Otitis and Its Consequences

meningitis, child, symptoms, disease, signs, cerebral, water, otorrhcea, warm and convulsions

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Fevers or inflammatory diseases in the young child may begin with the combination of pyrexia and convulsions. In the case of the exanthemata we should find some of the early symptoms of the eruptive fever ; and the convulsive movements themselves are few and not violent. There is little restlessness, and between the attacks the child takes notice and recognises his friends. In the case of malignant scarlatina, beginning with convulsions and delirium, there is little headache, and the eruption appears within twenty-four hours of the first symptoms of the fever.

Pneumonia in the child not unfrequently begins with convulsions, and there is high pyrexia ; but the absence of stupor and of headache, the ac tion of the nares, the greater rapidity of the breathing, and the perverted pulse-respiration ratio would serve to exclude meningitis although a physi cal examination of the chest might reveal no signs of disease. In the so called " cerebral pneumonia," where there is delirium and headache, with stupor and high fever, the nature of the disease may be often detected early by an examination of the chest. Sometimes, however, physical signs are slow to appear, and in such a case we must wait before pronouncing an opinion. Usually the head symptoms of cerebral pneumonia are not violent, but assume more the characters of tubercular meningitis than of the simple form of the disease. The distinction between these two varie ties of meningitis will be considered elsewhere (see Tubercular Meningitis).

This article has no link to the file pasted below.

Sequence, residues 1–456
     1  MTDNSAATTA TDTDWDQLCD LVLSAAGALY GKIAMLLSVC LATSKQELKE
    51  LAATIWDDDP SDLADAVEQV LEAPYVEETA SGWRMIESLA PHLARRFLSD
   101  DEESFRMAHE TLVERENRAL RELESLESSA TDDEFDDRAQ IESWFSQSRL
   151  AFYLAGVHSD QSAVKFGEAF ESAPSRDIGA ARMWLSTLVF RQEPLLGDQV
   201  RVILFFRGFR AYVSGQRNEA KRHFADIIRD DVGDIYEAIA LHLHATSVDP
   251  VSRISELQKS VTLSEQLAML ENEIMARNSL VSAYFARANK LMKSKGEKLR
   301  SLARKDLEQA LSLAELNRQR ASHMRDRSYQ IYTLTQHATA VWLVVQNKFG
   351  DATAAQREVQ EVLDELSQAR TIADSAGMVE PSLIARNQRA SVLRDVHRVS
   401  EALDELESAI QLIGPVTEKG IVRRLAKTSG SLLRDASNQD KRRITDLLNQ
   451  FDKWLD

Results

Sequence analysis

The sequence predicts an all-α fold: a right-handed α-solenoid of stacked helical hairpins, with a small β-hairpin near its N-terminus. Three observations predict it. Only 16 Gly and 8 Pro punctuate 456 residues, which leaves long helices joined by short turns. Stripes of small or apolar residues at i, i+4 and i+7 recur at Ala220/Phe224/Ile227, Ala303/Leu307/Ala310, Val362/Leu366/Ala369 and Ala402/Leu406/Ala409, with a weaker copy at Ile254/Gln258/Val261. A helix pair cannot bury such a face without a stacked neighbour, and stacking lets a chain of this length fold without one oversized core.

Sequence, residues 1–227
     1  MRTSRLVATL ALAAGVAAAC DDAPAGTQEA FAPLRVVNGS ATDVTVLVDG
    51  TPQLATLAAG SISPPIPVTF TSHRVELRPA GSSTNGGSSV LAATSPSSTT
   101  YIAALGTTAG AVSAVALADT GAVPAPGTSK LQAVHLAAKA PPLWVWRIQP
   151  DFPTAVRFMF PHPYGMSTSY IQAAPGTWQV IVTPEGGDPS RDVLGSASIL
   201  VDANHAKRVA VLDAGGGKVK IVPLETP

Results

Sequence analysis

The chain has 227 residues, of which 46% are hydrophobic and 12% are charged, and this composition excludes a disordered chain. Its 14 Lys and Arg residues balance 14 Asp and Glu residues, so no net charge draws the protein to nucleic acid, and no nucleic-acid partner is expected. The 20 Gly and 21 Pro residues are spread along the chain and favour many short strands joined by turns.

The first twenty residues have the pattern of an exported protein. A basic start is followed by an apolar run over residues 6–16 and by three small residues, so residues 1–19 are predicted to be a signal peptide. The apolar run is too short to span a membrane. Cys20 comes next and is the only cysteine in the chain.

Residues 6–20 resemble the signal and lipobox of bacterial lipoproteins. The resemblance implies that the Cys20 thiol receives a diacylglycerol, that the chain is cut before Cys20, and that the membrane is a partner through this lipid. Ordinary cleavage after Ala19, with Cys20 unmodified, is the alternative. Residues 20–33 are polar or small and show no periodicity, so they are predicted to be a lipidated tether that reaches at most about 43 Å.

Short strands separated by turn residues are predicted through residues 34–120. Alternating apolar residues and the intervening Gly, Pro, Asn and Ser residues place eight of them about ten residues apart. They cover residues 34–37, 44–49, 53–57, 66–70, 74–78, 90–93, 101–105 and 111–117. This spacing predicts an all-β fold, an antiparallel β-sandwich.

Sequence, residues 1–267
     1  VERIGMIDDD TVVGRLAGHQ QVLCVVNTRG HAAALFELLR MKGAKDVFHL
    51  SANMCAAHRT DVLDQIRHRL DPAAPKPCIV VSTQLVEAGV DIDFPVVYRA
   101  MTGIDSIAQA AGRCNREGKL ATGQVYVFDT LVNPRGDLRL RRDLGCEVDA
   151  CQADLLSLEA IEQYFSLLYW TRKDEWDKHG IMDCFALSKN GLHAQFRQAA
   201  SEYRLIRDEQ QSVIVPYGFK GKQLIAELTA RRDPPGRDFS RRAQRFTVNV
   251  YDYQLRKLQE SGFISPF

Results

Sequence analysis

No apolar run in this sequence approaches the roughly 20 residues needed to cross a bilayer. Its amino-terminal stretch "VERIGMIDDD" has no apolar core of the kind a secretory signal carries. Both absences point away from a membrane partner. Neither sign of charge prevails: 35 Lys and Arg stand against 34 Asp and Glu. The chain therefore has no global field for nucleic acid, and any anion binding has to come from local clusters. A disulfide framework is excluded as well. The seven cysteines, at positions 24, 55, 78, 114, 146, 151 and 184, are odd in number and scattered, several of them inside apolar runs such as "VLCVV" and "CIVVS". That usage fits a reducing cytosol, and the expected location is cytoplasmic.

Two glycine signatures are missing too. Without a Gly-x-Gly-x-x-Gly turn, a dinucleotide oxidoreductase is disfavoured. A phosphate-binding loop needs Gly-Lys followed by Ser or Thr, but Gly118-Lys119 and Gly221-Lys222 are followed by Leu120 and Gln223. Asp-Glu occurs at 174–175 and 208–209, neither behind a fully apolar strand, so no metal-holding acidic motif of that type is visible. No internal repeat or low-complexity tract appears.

From urmnia and the various forms of cranial disease unaccompanied by pyrexia, the high temperature which is one of the characteristic features of simple meningitis will form a sufficient distinguishing mark.

In the case of encephalitis, drowsiness with convulsions or rigidity of joints, or both, followed by coma and hemiplegia—the symptoms occurring in a child the subject of chronic otorrhcea, or following upon an attack of severe earache,—sufficiently reveal the nature of the disease. When there is no paralysis it is difficult, perhaps impossible, to distinguish inflamma tion of the substance of the brain from inflammation merely of its mem branes, and a certain amount of meningitis usually accompanies the en cephalitis.

Thrombosis of the cerebral sinuses can seldom be more than suspected. If the dura, mater be inflamed, it is reasonable to suppose that the sinuses, at the seat of disease are also implicated. If in a case where the cerebral', symptoms have evidently followed upon a long standing otorrhcea we can detect deficient filling of the jugular vein on the affected side, or can dis cern signs of pyroia—rigors, or rapid variations of temperature, with evidence of metastatic deposits in the lungs or other organs—we may con clude that thrombosis in the sinuses has probably occurred.

Prognosis.—Otitis can usually be cured by suitable treatment, mid if, while the discharge continues, proper measures be taken to prevent the collection of purulent matter in the tympanic cavity or mastoid cells, there is no reason to apprehend any ill results from the state of the ear.